Human Studies 32 (4):461-485 (2009)
AbstractThis article presents an ethnomethodological respecification of the philosophical problem of the hermeneutics of ancient texts. I analyze an interactional practice, namely, noticing an aspect of the Bible text in Seventh-day Adventist Bible study. I show how noticings are used to make the text “speak” to the participants of the Bible study and discuss how the participants show their orientation to this action in the next turn and how they rely on various cultural resources to make sense of the text. The article shows how the actions of the participants are contextual, cultural and moral in nature. Cultural resources and morality are embedded in the locally produced hermeneutical achievement. I discuss how this analysis can be instructive for philosophical hermeneutics.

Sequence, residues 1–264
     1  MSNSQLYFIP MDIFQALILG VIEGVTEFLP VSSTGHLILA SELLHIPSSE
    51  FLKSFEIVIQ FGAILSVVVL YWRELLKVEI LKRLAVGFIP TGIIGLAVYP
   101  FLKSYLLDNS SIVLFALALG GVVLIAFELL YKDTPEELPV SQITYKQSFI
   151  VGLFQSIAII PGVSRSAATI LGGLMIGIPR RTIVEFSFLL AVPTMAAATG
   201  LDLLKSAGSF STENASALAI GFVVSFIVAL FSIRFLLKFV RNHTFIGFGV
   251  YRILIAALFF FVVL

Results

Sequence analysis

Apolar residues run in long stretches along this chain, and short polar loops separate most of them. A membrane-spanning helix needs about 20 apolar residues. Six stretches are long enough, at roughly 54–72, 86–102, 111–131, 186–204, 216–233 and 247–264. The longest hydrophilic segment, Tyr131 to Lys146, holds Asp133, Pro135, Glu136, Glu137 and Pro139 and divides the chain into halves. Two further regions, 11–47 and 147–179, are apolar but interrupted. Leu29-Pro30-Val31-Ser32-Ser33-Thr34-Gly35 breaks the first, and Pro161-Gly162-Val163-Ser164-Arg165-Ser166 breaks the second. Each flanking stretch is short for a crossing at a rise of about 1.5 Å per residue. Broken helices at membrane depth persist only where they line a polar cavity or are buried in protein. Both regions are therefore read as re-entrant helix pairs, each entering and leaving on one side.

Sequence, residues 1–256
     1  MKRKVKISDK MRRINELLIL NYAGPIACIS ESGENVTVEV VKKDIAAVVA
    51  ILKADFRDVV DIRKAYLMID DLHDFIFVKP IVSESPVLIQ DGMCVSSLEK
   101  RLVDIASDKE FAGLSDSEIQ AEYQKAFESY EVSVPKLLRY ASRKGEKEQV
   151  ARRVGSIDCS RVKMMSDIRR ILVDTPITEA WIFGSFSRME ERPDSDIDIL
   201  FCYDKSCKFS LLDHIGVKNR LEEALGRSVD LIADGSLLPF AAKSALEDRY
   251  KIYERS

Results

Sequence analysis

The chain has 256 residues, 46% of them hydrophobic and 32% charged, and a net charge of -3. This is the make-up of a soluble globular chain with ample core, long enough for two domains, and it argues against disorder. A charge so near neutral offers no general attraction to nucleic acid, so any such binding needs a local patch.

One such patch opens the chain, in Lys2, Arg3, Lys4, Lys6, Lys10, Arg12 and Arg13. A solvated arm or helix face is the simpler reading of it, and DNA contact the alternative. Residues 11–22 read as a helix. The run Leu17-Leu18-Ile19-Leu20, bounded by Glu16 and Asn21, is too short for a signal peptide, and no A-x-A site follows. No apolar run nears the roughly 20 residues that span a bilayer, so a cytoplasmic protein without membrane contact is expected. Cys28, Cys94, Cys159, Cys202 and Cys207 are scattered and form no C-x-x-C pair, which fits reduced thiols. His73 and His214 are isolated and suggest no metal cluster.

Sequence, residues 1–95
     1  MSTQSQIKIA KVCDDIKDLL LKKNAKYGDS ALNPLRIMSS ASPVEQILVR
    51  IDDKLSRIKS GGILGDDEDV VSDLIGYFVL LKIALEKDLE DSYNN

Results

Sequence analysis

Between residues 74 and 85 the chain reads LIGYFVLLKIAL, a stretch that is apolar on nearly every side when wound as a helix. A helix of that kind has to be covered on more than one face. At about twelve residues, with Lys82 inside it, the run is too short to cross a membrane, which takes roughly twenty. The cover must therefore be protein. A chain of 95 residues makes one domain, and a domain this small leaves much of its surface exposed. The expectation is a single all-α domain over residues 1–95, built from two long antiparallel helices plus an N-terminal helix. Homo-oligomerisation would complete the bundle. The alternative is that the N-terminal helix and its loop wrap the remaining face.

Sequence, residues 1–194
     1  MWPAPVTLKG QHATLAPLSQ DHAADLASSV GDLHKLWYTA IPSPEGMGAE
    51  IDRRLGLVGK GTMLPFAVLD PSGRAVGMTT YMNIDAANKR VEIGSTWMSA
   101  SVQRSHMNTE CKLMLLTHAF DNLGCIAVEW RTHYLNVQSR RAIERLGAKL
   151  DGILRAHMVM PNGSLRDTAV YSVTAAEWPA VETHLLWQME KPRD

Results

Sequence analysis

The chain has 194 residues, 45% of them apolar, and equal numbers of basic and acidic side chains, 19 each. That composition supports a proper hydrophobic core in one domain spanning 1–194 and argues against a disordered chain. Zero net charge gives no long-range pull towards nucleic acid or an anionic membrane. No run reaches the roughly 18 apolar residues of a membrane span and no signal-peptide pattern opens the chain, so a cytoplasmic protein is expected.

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References found in this work
Scientific Practice and Ordinary Action: Ethnomethodology and Social Studies of Science.Michael Lynch - 1993 - Cambridge University Press.
The Social Construction of Mind: Studies in Ethnomethodology and Linguistic Philosophy.Jeff Coulter - 1979 - Rowman & Littlefield.
The Social Construction of Mind: Studies in Ethnomethodology and Linguistic Philosophy.Jeff Coulter - 1979 - Philosophy and Rhetoric 14 (2):119-122.
Silence in Context: Ethnomethodology and Social Theory. [REVIEW]Michael Lynch - 1999 - Human Studies 22 (2-4):211-233.
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